Sunday, July 25, 2010


After having spoken at length concerning what Franciscan spirituality is, let us find out who is a true Franciscan.

He is a true Franciscan passionate with the threefold desire of our Seraphic Father. ‘Our holy Father Francis… burned with a threefold desire: that he might be a perfect imitator of Christ by perfect virtue; likewise that he would be able to cling to God alone through his love for constant contemplation; and also that he would be able to gain many for God and save the souls for whom Christ willed to be crucified and to die.''

‘He did not consider himself a friend of Christ unless he cared for souls, whom Christ redeemed. He said that nothing was to be preferred to the salvation of souls, proving this especially by the fact that the Only–begotten Son of God deigned to hang upon a cross for them.' ' Hence he who is not inflamed with the desire to gain souls for Christ is not a true Franciscan. Celano tells us: ‘We are sent to the aid of priests for the salvation of souls, so that what may be found wanting in them, may be supplied by us.’

All Franciscans are called to the Apostolate, but to an apostolate that is preached more effectively by actions than by words. In his first rule, Saint Francis says: ‘Let all… preach by their deeds,’ that is, by example. But even more than this, souls are saved by prayer, sacrifice, and suffering, following the example of Christ, who performed the greatest work of Redemption on the Cross.

The abundant harvest of the Apostolate is not limited to only a few. All ordained friars, nuns, secular and lay brothers and sisters should work for the salvation of souls. In other words, the entire family, as one entity, has the duty of sharing in the Apostolate. The reason for this is that Christ is the true Savior of souls, and Christ Himself lives and works in the community. Hence the Apostolate does not consist in the work of the preacher only, or the one given to prayer, or the sufferer alone, but each one acting according to his own individual calling but all toward a common end.

What a marvelous work of charity this is, which constitutes the Apostolate of Christ as well as the Apostolate of the community. He also is a true Franciscan who is passionate with the second desire of our Seraphic Father: ‘that he would be able to cling to God alone, through his love for constant contemplation.’

The goal of every soul is to be united with Almighty God in perfect love. This union is the necessary condition for every Apostolate for preaching and suffering. Unless God Himself works within a person, his preaching, whether it is by words or actions, is to no avail. A person's sufferings are of no value unless he suffers in Christ, making up for ‘those things that are lacking in His sufferings.’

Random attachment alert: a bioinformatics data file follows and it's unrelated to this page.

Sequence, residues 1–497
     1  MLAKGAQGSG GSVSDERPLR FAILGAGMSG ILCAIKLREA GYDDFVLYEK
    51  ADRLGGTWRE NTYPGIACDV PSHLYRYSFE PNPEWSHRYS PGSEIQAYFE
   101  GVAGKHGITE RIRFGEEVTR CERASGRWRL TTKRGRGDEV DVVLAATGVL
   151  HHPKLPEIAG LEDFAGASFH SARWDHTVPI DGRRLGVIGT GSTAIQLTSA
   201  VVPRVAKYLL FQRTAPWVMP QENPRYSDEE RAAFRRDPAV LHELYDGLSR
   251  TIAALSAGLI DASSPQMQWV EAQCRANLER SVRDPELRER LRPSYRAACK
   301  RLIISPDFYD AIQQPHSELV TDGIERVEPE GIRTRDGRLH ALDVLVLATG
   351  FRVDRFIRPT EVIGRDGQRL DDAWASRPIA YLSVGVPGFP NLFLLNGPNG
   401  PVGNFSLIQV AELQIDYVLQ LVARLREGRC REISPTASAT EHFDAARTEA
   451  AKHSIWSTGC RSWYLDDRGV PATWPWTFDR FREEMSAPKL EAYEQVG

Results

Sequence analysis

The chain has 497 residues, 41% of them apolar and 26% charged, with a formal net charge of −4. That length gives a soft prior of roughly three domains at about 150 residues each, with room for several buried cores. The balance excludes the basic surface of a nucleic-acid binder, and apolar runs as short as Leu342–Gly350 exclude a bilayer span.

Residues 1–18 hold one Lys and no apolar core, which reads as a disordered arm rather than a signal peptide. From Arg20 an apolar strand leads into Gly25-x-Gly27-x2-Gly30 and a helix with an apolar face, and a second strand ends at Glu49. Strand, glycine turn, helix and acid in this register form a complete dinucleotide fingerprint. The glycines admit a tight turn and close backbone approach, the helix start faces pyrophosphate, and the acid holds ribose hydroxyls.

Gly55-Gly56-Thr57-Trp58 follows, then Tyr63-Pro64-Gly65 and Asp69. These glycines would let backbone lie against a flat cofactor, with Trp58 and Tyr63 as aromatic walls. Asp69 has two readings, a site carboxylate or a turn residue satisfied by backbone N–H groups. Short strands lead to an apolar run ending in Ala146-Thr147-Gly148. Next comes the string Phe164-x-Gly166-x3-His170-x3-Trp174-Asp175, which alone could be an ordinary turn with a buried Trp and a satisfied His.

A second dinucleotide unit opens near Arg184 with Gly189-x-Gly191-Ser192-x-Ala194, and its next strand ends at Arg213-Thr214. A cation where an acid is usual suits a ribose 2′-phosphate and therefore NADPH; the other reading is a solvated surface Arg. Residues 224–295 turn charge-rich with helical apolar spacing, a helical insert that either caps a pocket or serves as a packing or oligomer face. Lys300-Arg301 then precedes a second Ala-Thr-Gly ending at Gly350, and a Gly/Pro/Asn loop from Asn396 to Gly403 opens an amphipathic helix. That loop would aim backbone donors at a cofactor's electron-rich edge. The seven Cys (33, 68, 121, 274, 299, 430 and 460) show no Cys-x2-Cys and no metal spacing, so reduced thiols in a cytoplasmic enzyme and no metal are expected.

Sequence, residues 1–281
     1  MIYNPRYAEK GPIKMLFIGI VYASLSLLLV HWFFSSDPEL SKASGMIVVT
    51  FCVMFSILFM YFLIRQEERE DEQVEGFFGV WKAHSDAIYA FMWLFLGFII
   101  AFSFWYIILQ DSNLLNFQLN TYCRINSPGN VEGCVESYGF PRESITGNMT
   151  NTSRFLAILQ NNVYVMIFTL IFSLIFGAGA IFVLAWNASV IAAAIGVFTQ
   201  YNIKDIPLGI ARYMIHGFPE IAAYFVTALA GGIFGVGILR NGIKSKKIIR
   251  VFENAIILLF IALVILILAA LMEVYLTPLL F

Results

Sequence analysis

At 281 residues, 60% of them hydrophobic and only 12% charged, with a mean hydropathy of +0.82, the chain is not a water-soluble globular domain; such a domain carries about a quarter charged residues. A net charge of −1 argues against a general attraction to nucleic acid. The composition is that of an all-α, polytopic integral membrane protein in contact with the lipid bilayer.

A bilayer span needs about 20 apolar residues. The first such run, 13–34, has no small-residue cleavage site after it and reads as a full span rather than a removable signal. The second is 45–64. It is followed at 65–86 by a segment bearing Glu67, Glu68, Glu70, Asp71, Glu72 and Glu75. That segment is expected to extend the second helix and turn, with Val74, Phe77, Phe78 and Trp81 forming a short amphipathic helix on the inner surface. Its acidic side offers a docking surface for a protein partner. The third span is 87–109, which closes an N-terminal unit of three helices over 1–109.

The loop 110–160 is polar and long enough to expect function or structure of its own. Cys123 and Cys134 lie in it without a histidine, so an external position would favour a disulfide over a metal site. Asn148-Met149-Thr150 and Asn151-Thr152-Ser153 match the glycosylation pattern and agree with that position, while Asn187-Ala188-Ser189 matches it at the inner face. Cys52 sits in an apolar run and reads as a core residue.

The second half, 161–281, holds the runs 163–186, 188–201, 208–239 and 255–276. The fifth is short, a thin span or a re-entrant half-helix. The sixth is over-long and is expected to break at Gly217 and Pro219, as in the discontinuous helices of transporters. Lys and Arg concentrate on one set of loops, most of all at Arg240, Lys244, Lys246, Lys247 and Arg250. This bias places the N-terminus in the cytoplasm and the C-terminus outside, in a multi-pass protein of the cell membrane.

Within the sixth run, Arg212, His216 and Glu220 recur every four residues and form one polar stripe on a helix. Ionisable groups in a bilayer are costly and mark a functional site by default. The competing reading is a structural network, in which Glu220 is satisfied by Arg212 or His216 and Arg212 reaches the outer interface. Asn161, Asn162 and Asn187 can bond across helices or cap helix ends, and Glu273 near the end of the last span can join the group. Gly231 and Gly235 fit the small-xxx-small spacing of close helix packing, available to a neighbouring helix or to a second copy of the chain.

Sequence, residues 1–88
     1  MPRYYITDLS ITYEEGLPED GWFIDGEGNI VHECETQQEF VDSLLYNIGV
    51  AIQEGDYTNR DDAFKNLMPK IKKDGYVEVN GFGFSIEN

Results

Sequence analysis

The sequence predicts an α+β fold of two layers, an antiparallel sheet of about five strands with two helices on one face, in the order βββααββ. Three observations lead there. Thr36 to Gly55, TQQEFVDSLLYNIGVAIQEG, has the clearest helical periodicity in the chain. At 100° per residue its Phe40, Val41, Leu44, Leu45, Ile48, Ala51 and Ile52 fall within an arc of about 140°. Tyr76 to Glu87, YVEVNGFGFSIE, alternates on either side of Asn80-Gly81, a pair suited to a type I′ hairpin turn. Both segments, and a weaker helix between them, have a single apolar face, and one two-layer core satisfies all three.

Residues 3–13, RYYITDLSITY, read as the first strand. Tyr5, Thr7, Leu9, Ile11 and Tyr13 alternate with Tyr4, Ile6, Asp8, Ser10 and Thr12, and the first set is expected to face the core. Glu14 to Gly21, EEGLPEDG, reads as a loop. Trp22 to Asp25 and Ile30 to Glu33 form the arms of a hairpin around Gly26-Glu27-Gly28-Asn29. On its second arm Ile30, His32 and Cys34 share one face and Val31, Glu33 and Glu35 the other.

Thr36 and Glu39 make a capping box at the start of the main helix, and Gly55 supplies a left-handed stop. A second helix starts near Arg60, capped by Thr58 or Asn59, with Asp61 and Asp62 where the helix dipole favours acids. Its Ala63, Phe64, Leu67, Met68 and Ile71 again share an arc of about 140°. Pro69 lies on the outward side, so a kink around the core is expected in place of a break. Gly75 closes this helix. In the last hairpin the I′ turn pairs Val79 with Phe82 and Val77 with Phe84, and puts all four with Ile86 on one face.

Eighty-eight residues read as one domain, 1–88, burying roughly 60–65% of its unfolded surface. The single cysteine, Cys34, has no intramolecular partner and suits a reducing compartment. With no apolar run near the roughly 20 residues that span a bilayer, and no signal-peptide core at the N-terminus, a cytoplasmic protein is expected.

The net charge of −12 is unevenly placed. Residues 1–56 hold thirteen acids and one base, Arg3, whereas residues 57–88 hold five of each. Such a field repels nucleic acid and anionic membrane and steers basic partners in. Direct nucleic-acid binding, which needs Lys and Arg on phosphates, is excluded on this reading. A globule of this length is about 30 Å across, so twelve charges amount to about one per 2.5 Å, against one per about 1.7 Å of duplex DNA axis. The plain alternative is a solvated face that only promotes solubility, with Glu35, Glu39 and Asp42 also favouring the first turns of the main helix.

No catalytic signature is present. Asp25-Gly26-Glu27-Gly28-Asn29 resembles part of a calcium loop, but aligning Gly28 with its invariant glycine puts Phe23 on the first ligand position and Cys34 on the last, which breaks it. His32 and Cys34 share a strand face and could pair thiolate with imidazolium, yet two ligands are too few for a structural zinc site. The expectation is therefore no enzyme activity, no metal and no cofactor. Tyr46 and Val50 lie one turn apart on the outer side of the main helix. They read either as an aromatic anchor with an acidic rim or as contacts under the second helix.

Finally, a true Franciscan is on fire with the prime desire to become one with Christ by imitation of Him, transformation into Him, and identification with Him. Union with God, and a return to the Father are not achieved except by one who becomes another Christ: ‘No one comes to the Father but through Me.’

Sunday, July 11, 2010


Saint Francis desired that these times be spent in manual labor in order to avoid idleness, but always in such way as to forestall any danger to our life of prayer and contemplation. In the Holy Rule, our Seraphic Father directs: ‘Let the friars work faithfully and devotedly so that, having done away with idleness, the enemy of the soul, they do not extinguish in themselves the spirit of holy prayer and devotion, to which all temporal things should be subservient.''

Likewise, in order to dispel idleness, the intellectual labor necessary for the Apostolate must be pursued. ‘To those friars who were asking whether or not it pleased him that the learned men, who had already been received into the Order, should devote themselves to study Sacred Scripture, Francis responded: 'It is indeed pleasing to me. But following the example of Christ, Who, we know, did more praying than reading, let them not omit the pursuit of prayer, nor let them study only for the purpose of learning how to speak. But they should study so that they may do the things they have learned, and when they have done these things, let them teach others to practice them also.'‘

Thus, Franciscans to whom God has given the grace to study, ought to regard study not only as a means of obtaining knowledge, but should value it even more as a basis for action. Moreover, they should preach more by their deeds than by their words. We read that ‘Blessed Francis did not want his friars to be desirous of knowledge and books, but he desired and preached to them that they should be eager to have and to imitate that pure and holy simplicity in which the saints and early Fathers of the Church were steeped. And he believed this a more secure way to obtain the salvation of souls.''

To sum up, therefore, let us remember that knowledge and study, as well as the entire active life, should all conduce to the contemplative life -- to fostering union with God. Otherwise we could not extol their value, but rather the contrary, they would have to be discouraged as being detrimental to the spiritual life. If however, knowledge and study are utilized in the right spirit, besides being necessary for the Apostolate, they can actually be counted as among the best means of attaining perfection!
Related Posts with Thumbnails